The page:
It looks like you're using an Ad Blocker.
Please white-list or disable AboveTopSecret.com in your ad-blocking tool.
Some features of ATS will be disabled while you continue to use an ad-blocker.
originally posted by: IkNOwSTuff
My hard line is when I’m expected to believe their fantasies.
41% is probably the lowest I've seen this figure. It's medically irresponsible and against the Hippocratic Oath to give children puberty blockers in light of these statistics alone.
Never was an issue for most people.
Until the usual suspects started making which bathroom to use a GD national emergency.
originally posted by: GeauxHomeYoureDrunk
a reply to: Boadicea
It crosses my personal line when their rights over rule mine. When people in some places can be criminally charged for expressing opposing views on the subject- which has actually started to happen- you have trampled all over the Constitution!
Dress, act, live as you like. Heck, even raise your own kids how you want. But I get to say whatever the heck I want about it!
originally posted by: ketsuko
I draw the line when we get told repeatedly in their defense that gender and sex are different ... but then they turn around and compete on the basis of sex as though their mental gender overrides biology... [snip]... I'm sorry, but there is a reason why we have men's and women's sports. It's because men's and women's biological realities are different...
originally posted by: ketsuko
a reply to: Boadicea
Puberty hormones are hard enough to deal with without adding to the hormone soup with stuff not intended to be there.
Off-Label Use for Gender Dysphoria
In the off-label use of Lupron for ‘pausing puberty’ in the transgender population, it should be understood that Lupron is rarely identified as “Lupron”, but is called a “puberty-blocker”, “hormone blocker”, or “a puberty-suppressing drug”. No doubt this language shift is an attempt to prevent an association with the ‘dreaded Lupron’. It should also be noted that a reproductive biologist has stated ‘puberty suppressing treatment’ “impairs the children’s reproductive capacity” and:
“[s]ome trans boys (i.e. girls) receive puberty-suppressing treatment and never produce mature ovarian follicles … the problem is accentuated with trans girls (i.e. boys) because their spermatozoa are still developing.”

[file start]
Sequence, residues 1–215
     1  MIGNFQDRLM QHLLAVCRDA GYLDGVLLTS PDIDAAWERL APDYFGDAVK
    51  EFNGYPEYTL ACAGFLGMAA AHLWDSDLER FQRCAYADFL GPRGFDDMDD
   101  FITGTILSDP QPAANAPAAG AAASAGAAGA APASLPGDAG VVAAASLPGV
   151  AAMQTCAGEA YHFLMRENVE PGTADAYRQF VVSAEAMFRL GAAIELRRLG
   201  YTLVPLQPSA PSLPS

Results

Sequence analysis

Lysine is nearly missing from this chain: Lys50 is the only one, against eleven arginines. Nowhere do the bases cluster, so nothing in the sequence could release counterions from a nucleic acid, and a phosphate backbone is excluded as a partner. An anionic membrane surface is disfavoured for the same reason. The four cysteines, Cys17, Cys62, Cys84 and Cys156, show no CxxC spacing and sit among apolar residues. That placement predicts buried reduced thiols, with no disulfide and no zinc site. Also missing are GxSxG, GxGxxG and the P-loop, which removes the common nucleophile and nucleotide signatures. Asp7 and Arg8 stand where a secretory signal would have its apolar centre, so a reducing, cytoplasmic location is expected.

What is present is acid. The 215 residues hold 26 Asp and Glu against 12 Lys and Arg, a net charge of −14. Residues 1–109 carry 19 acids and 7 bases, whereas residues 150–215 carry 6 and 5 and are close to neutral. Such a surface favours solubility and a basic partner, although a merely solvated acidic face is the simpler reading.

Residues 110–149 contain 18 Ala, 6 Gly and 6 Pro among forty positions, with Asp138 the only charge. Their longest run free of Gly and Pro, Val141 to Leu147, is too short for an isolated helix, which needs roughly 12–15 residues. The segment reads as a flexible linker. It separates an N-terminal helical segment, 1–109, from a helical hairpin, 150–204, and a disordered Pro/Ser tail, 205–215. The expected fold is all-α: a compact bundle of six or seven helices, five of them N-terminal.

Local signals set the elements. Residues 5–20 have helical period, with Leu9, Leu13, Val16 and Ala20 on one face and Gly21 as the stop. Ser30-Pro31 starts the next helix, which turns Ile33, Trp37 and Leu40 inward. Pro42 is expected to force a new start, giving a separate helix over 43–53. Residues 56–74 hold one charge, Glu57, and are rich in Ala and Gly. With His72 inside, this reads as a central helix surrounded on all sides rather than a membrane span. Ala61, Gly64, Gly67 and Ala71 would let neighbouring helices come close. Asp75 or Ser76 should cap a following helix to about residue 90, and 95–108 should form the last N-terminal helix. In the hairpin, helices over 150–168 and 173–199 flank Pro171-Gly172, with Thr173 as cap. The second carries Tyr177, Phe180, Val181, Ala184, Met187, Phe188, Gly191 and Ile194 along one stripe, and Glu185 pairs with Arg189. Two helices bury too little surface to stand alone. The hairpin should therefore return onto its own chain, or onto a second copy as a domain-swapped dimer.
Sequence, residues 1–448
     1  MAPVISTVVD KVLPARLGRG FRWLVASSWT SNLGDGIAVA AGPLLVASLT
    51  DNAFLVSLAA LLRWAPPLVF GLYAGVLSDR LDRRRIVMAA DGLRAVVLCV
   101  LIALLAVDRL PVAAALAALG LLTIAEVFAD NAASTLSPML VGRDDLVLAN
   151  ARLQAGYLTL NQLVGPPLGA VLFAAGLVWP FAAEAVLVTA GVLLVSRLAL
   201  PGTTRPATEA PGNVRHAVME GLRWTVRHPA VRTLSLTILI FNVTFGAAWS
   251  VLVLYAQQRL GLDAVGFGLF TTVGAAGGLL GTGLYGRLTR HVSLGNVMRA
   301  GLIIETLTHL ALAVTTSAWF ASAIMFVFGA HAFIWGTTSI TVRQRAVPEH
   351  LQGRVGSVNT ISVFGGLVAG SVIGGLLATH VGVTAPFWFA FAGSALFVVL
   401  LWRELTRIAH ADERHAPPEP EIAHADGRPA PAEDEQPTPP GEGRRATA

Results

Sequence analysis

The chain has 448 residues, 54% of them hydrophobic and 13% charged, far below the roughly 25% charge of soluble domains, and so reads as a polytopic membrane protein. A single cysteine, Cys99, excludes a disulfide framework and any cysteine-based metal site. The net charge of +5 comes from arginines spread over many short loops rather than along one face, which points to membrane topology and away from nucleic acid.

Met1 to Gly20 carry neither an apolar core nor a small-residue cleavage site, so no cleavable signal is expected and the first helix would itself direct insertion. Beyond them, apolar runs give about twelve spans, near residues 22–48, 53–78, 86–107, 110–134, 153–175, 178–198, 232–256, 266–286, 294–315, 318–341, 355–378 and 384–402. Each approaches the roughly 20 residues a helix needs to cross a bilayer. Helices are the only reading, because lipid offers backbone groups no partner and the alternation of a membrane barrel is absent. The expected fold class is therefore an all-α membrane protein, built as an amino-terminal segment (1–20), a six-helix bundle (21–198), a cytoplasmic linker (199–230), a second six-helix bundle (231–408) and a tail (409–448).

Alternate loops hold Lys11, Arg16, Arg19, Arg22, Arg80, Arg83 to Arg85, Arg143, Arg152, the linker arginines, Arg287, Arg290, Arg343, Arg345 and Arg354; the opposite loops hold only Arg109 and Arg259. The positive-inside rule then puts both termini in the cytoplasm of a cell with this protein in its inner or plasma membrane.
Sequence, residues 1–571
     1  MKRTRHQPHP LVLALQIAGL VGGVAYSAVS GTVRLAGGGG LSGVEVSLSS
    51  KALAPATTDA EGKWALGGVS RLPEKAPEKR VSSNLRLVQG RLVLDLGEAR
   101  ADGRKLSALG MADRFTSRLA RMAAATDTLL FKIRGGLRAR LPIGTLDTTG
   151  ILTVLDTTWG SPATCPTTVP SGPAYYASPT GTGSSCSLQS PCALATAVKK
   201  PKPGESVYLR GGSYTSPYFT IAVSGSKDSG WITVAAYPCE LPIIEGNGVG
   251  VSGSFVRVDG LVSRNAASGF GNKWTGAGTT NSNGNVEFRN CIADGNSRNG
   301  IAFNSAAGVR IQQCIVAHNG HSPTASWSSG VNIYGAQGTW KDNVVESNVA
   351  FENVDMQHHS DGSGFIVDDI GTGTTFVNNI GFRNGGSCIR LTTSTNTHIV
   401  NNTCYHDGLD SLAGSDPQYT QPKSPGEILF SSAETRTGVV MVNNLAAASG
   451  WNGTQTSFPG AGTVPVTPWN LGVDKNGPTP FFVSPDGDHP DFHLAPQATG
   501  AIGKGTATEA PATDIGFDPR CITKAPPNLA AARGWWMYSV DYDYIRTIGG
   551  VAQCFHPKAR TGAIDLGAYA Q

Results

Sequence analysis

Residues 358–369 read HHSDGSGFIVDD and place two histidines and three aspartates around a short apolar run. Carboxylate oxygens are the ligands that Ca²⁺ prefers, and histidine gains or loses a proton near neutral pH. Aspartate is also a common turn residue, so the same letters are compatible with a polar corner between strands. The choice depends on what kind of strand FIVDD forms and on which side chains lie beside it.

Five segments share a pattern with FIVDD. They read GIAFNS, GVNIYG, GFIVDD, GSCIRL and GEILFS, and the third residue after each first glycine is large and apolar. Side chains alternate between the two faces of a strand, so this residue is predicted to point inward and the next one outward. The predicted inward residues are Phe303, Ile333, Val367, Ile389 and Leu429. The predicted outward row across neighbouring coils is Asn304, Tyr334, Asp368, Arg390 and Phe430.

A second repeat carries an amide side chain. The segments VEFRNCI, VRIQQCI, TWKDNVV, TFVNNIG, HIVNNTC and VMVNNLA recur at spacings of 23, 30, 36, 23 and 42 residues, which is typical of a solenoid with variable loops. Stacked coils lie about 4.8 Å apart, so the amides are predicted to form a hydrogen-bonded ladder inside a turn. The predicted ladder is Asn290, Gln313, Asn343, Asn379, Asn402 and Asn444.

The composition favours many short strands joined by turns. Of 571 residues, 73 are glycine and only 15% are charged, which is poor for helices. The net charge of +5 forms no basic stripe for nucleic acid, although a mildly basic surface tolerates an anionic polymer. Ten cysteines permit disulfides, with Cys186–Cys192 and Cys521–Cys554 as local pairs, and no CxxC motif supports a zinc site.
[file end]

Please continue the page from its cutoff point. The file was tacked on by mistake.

Additional alarming acknowledgments within the transgender population’s off-label use of Lupron are that:
“[p]otential long-term effects can include other abnormalities of hormones, vascular complications and even potential cancer.”
According to UnitedHealthcare policy, “pubertal suppression therapy is considered unsafe in managing children and adolescents with gender identity dysphoria and is, therefore, not covered.” Other insurers do cover treatment of gender dysphoria with Lupron. One Canadian consent form for Lupron treatment of natal females with gender dysphoria identifies a number of risks, and twice repeats the warning that “there may be long-term side effects we do not yet know about”.
In 2015, the NIH awarded $5.7 million for a 5-year multi-center study which
“will be the first in the U.S. to evaluate the long-term outcomes of medical treatment for transgender youth“, seeking data on the “physiological and psychosocial impact, as well as safety, of hormone blockers.”
While sparse data exist regarding the impact of puberty suppression and gender-affirming hormones administered during adolescence, there have been promising results from the Netherlands indicating that this approach in adolescents results in improved quality of life and diminished gender dysphoria.
The American Academy of Pediatrics (AAP) recently published a policy statement entitled, Ensuring comprehensive care and support for transgender and gender-diverse children and adolescents (Rafferty, 2018). It was quite a remarkable document: Although almost all clinics and professional associations in the world use what’s called the watchful waiting approach to helping GD children, the AAP statement rejected that consensus, endorsing only gender affirmation.
The AAP statement was also remarkable in what it left out—namely, the outcomes research on GD children. There have been eleven follow-up studies of GD children, of which AAP cited one [Wallien & Cohen Kettenis (2008)], doing so without actually mentioning the outcome data it contained. The literature on outcomes was neither reviewed, summarized, nor subjected to meta-analysis to be considered in the aggregate—It was merely disappeared. (I have presented the complete list of the outcome studies on this blog before; they appear again at the bottom of this page together with their results, for reference.) As they make clear, every follow-up study of GD children, without exception, found the same thing: By puberty, the majority of GD children ceased to want to transition. AAP is, of course, free to establish whatever policy it likes on whatever basis it likes. But any assertion that their policy is based on evidence is demonstrably false, as detailed below.
AAP is advocating for something far in excess of mainstream practice and medical consensus. In the presence of compelling evidence, that would be exactly called for. The problems in Rafferty (2018), however, do not constitute merely a misquote, a misinterpretation of an ambiguous statement, or missing a reference or two. Rather, AAP’s statement is a systematic exclusion and misrepresentation of entire literatures. Not only did AAP fail to provide extraordinary evidence, it failed to provide the evidence at all. Indeed, AAP’s recommendations are despite the existing evidence.